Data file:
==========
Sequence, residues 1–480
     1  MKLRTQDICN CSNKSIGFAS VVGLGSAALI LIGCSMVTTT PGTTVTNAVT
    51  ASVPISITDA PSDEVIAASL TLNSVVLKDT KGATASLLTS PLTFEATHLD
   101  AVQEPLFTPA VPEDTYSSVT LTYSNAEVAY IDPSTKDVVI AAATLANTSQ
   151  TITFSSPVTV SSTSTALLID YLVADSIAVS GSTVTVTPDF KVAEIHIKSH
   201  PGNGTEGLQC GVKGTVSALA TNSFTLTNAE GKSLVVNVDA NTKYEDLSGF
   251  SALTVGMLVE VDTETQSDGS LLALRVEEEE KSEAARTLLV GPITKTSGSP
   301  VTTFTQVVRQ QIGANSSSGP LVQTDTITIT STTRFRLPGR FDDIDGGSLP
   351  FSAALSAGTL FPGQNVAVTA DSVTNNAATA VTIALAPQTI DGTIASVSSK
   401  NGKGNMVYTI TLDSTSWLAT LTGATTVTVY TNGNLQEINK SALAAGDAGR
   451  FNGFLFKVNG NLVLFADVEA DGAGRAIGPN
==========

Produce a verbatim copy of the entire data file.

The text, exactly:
Sequence, residues 1–480
     1  MKLRTQDICN CSNKSIGFAS VVGLGSAALI LIGCSMVTTT PGTTVTNAVT
    51  ASVPISITDA PSDEVIAASL TLNSVVLKDT KGATASLLTS PLTFEATHLD
   101  AVQEPLFTPA VPEDTYSSVT LTYSNAEVAY IDPSTKDVVI AAATLANTSQ
   151  TITFSSPVTV SSTSTALLID YLVADSIAVS GSTVTVTPDF KVAEIHIKSH
   201  PGNGTEGLQC GVKGTVSALA TNSFTLTNAE GKSLVVNVDA NTKYEDLSGF
   251  SALTVGMLVE VDTETQSDGS LLALRVEEEE KSEAARTLLV GPITKTSGSP
   301  VTTFTQVVRQ QIGANSSSGP LVQTDTITIT STTRFRLPGR FDDIDGGSLP
   351  FSAALSAGTL FPGQNVAVTA DSVTNNAATA VTIALAPQTI DGTIASVSSK
   401  NGKGNMVYTI TLDSTSWLAT LTGATTVTVY TNGNLQEINK SALAAGDAGR
   451  FNGFLFKVNG NLVLFADVEA DGAGRAIGPN